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The Cotton Crunch Tears Through the Fabric of Retail

Tuesday, 30 Nov 2010 | 1:39 PM ET

The Grinch may not have stolen the Black Friday momentum, but the coal in the retailer's stocking next year could the high price of cotton. "The fabric of our lives" is going to be more expensive come Spring and the prices you are seeing now will soon be a memory.

While the floods in Pakistan are being blamed as one of the reasons for the run up in the fluffy fiber, its good ole demand from China that's one of the driving forces.

"We are seeing strong demand from China," says Jason Roose, Vice President and commodities analyst a U.S. Commodities, "With the weak dollar they are buying commodities. For the first time in six years, China bought corn. They are getting good value (with cotton and corn). We are temporarily in a bubble."

With less acres of cotton being cultivated and being used instead for soybeans, the cotton crops aren't getting any larger.

So which retailers will be hurt most from this cotton crunch? Dana Telsey, CEO and Chief Research Officer of Telsey Advisory Group, says the impact of rising sourcing costs, including raw materials such as cotton, freight and labor will begin to have an impact most likely in the beginning of the second half of 2011 than the first of the year.

"Companies that have mentioned the upcoming pressures, include Jones, Volcom , and Carters. The magnitude of the increase is still in question and appears to vary; we are hearing everything from 3 percent to 5 percent to as much as 10 percent in terms of what the increases could be; although, there is no exact quantification," Telsey says.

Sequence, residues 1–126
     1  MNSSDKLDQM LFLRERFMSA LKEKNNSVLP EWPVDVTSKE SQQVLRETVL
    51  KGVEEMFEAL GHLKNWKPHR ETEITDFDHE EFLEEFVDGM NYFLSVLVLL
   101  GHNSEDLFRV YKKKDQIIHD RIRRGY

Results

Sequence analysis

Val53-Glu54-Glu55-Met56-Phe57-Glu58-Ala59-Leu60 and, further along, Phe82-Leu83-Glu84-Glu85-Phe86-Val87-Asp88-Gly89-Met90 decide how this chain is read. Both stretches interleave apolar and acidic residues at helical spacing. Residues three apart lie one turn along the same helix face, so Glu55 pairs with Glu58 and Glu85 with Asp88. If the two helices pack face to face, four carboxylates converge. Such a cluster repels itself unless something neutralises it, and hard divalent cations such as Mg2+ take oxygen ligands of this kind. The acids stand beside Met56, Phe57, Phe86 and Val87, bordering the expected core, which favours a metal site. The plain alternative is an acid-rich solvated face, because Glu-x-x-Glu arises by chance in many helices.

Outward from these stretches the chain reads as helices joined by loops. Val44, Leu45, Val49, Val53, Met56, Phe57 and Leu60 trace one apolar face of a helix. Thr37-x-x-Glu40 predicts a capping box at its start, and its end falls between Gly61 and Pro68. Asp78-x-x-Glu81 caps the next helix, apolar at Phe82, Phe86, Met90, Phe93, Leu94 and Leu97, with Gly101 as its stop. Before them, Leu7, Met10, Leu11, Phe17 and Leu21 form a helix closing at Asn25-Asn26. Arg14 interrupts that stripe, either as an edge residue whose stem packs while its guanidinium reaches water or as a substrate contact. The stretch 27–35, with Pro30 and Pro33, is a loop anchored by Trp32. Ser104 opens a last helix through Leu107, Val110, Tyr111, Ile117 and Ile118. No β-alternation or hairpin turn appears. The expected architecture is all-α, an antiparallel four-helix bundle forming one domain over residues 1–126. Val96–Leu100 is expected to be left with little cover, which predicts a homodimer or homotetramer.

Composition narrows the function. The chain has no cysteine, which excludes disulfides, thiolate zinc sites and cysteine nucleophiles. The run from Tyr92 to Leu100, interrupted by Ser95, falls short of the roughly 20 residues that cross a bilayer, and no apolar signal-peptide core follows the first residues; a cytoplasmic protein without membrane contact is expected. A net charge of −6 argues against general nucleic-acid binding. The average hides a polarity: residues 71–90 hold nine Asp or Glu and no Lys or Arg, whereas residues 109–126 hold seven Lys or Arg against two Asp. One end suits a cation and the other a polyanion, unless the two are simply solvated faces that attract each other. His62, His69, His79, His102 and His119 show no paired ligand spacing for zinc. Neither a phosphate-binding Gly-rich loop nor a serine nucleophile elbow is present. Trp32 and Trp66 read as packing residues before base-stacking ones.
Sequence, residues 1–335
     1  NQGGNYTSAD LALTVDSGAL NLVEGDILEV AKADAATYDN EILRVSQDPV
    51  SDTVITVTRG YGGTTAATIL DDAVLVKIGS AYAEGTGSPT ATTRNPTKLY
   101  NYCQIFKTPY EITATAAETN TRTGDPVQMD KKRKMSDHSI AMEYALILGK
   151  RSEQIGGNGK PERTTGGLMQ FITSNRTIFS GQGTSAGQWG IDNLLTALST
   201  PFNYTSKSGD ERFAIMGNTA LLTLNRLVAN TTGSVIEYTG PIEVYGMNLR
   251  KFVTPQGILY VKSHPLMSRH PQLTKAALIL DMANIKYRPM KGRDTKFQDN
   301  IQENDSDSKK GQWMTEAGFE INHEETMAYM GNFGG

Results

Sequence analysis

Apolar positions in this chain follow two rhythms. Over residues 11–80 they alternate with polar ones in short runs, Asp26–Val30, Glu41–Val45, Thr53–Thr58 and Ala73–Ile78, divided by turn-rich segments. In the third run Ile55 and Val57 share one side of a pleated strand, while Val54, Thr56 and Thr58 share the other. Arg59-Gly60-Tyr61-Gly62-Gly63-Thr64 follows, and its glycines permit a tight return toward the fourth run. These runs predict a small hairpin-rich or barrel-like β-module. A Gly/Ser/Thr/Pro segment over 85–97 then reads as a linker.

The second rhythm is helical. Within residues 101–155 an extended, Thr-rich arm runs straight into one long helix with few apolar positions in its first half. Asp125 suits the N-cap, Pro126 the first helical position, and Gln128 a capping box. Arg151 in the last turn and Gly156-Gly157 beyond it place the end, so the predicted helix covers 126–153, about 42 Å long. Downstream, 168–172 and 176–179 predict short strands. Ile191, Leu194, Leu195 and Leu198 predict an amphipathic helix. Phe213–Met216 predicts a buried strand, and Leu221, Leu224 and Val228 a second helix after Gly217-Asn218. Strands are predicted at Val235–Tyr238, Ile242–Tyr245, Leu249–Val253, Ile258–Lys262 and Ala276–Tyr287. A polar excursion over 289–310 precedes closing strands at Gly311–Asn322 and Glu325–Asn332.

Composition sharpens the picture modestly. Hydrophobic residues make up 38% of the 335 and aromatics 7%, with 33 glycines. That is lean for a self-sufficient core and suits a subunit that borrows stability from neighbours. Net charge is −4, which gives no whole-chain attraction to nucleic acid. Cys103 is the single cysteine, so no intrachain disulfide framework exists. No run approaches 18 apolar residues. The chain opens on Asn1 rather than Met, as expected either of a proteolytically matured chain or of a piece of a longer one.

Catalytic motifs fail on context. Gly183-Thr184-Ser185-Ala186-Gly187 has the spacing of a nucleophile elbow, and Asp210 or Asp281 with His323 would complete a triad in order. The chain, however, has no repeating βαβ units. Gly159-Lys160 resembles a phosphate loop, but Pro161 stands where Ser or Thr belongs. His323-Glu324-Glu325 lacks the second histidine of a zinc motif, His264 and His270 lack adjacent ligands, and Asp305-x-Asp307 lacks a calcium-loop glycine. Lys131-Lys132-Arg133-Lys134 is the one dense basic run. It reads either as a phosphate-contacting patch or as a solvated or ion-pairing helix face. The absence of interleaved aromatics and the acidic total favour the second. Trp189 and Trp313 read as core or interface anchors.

One of best people to talk to when it comes to the overall health of the retail environment are the mall owners and operators. I decided to sit down and speak with Bill Taubman, Chief Operating Officer of Taubman Centers, on the headwinds retailers are facing when it comes to cotton as well as how this holiday shopping season is shaping up.

LL: What are you hearing in terms of the run up in cotton and what it means for the retailers?

Bill Taubman
Getty Images
Bill Taubman

BT: At the moment cotton prices are up 40 percent but it keeps going up and at this point, manufacturers are only quoting day by day. Meaning, you have to lock in that day or the quote is not good for tomorrow because there is such instability in the market. It is now having the impact of rising the price on synthetics because people are now pushing into synthetics as a way of trying to defray the cost increases of cotton.

The weird thing is, the flood in Pakistan clearly had an impact, but no one can connect the dots for you in a transparent way as to what supply was lost and how that was impacting pricing. So therefore, there is suspicion people have that this is a bubble, and it makes them even warier about locking in because they don't know what the pricing is going to be in three or four months because the price just could collapse if it is a manufactured crisis. No question some supply was taken out, but the magnitude in the increase in pricing seems completely out of connection with the amount of cotton that was supposedly lost in Pakistan. On the other hand, it may be increasing demand and that its hit a relatively small decrease in supply and the two rubbing together could cause a little change but we just don't know at it this point.

LL: So what are retailers doing?

BT: They're trying to move factories to cheaper labor. They're trying to address the detailing of the goods to take down some of the costs. Obviously this impacts the lower price goods than the upper price goods—I'm talking about the difference between H&M and Ann Taylor. The value of the fabric as part of the overall price of goods as you go down the price scale to Wal-Mart , excreta, is far higher because there is much less detailing on those goods. So therefore the impact at the low-end is going to be substantially greater than the high end. So people are monitoring this day by day trying to decide what to do. But there is no question the second half of next year there is going to be an increase in price of apparel because of the number of people locking in (on the price of cotton) now. There will be an increase in apparel cost, how much of that is transferred to the customer remains to be seen. And given we've had 20 years of apparel price deflation world-wide because of China and new markets opening up in terms of manufacturing, this is going to be the first delta change in the price curve.